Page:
Tinel Exam- tapping or pressing on median nerve results in shock-like sensation

Phalen Exam- patient holds hands upright with fingers down and backs of hand together for 30-60 seconds –reproduces symptoms

 

Ultrasound and nerve conduction studies or electromyography are also useful

29

How is Carpal Tunnel treated?

Drugs- NSAIDs, Oral cortisone (prednisone), Cortisone/lidocaine injection. And then get the nerve conduction study (goal standard). If positive, think carpal tunnel release 

 

Not likely to recur but can get fibrous scar tissue and recurrent tenosynovitis (or can have incomplete ligament release)

30

What is the main stabilizing ligment of the elbow? What is the primary structure of the elbow invovled in throwing?

stabilizing ligament- ulnar collateral ligament (Tommy John)

throwing- anterior bundle 

A image thumb
31

85% of throwers with medial elbow instability (UCL injury) complain of pain in the _______ phase of throwing 

acceleration phase (deceleration typically = shoulder problems)

32

How does a UCL injury present?

Acute medial pain

- Onset during throwing, inadequate warmup

- “Pop” heard or felt

- Can be one pitch or can be insidious

33

What is this?

Q image thumb

Complete UCL tear on MRI (need an MRI because hard to test stability of the joint)- look for ecchymoses

 

 

34

Lateral Epicondylitis is common in what sport?

Tennis 

A image thumb
35

Describe Lateral Epicondylitis. Muscle most commonly invovled?

-More common (9:1) than medial epidcondylitis

-Degenerative process: “tendinosis”

- Extensor Carpi Radialis Brevis (ECRB) most commonly involved

36

How does lateral epicondylitis present?

You might be able to palpate a mobile wad while resisting active wrist extension

-pain at lateral epicondyle or over muscle mass usually present

-no neurologic symptoms and sensation normal

 

37

How is lateral epicondylitis treated?

Up to 90% of epicondylitis resolves spontaneously. If not, Rehab focus on stretching wrist extensors, eccentric wrist extensors, NSAIDs, and eventually surgery if needed. 

38

Medial Epicondylitis is common what sport?

Golf and some baseball 

39

How does medial epicondylitis present?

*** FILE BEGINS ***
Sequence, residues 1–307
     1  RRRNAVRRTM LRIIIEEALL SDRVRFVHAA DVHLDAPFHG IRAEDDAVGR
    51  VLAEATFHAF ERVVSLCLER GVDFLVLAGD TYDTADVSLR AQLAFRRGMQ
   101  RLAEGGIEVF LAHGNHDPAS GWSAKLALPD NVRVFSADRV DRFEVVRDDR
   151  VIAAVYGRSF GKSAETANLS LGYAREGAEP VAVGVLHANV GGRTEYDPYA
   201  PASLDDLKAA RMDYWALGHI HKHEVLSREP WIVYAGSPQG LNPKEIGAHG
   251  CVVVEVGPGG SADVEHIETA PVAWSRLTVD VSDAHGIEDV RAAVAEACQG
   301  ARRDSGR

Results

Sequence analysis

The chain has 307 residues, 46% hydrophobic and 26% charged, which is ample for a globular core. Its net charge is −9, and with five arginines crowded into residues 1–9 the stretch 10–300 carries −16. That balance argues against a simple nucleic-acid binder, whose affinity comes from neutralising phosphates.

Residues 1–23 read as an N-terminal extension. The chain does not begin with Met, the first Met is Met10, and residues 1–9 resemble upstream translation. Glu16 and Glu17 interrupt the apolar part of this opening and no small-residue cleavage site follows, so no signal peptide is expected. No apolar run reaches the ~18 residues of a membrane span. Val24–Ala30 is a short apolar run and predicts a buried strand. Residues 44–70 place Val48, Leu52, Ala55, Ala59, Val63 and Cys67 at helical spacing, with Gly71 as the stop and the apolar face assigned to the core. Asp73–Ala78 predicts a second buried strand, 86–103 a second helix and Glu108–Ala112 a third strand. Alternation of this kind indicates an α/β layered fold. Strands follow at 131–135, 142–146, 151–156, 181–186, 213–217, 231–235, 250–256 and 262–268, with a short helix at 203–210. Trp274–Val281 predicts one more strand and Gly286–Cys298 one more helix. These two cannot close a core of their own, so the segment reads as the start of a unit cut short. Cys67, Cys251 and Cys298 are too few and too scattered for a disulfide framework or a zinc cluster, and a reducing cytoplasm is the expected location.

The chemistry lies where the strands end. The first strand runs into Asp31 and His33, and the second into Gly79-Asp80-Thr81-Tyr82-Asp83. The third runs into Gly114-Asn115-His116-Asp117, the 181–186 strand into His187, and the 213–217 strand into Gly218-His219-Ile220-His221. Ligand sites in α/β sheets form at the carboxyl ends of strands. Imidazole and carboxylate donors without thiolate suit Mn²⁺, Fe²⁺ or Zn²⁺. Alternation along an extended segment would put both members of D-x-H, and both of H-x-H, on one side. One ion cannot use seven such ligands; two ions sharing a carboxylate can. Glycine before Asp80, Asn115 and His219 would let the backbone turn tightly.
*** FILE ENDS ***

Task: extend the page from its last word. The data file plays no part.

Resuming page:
you may see pain with resisted wrist flexion or PRONATION. Tenderness may be within the muscle belly or directly over the medial epicondyle 

40

What is Panner's Disease?

Osteocondrosis of the capitellum of the elbow. (elbow's version of Legg'Calve-Perthes Disease). Presents with later elbow pain and perhaps stiffnes in a sports-active youngster (think young baseball pitcher, gymnast, cheerleader)

A image thumb
41

Patient population for Panner's Disease?

Usually seen in children under 10 

42

What is this?

Q image thumb

Panner's Disease- fracture of the capitulum of te elbow 

43

What is this?

Q image thumb

Olecranon Bursitis - typically due to direct trauma. Treat with rest, compression and NSAIDs. If persists, aspirate. 

44

Elbow dislocations are often the result of what?

-hyperextension

-trochlea levered over the coronoid process

45

What direction are most elbow dislocations?

The vast majority are posterior (most common posterolateral)

usually injure adjacent ligaments and potential for neurovascular involvment 

A image thumb
46

What is this?

Q image thumb

Supracondylar fracture 

47

What is this?

Q image thumb

Supracondylar fratcure with posterior elbo dislocation

48

What is this? Treatment?

Q image thumb

Olecranon process fracture. If stable/nondisplacedm short immobilization period (45-90 degree of flexion). If displaced, ORIF surgery with longer immobilization period and early ROM if tolerated 

49

What is this?

Q image thumb

Radial fractures

Most treated non-operatively 

50

What is Tinnel's Test?

Gentle percussion of the ulnar nerve above or within the cubital tunnel should not elicit pain in the normal elbow- pain or paresthesias into the ring and small fingers with tapping over the ulnar nerve in the cubital tunnel is considered a positive test 

51

Q image thumb

Normal Shoulder Anatomy 

52

Q image thumb

Bony Anatomy of the Scapula 

53

What are the structures of the subacromial space?

A image thumb
54

Identify the Muscles of the rotator cuff (posterior view)

Q image thumb

Top: Supraspinatus (abduction)

Left (small arrow): Teres minor (external rotation)

Right (long arrow): Infraspinatus (external rotation)

55

Identify muscle (anterior view)

Q image thumb

Subscapularis (internal rotation and adduction)

56

How could you test the integrity of the infraspinatus/Teres minor?

Have the patient flex the elbows to 90 degress and fully adduct to the side and ask them to attempt external rotation against your resistance 

A image thumb
57

How could you test the subscapularis muscle?

Lift-Off Test

58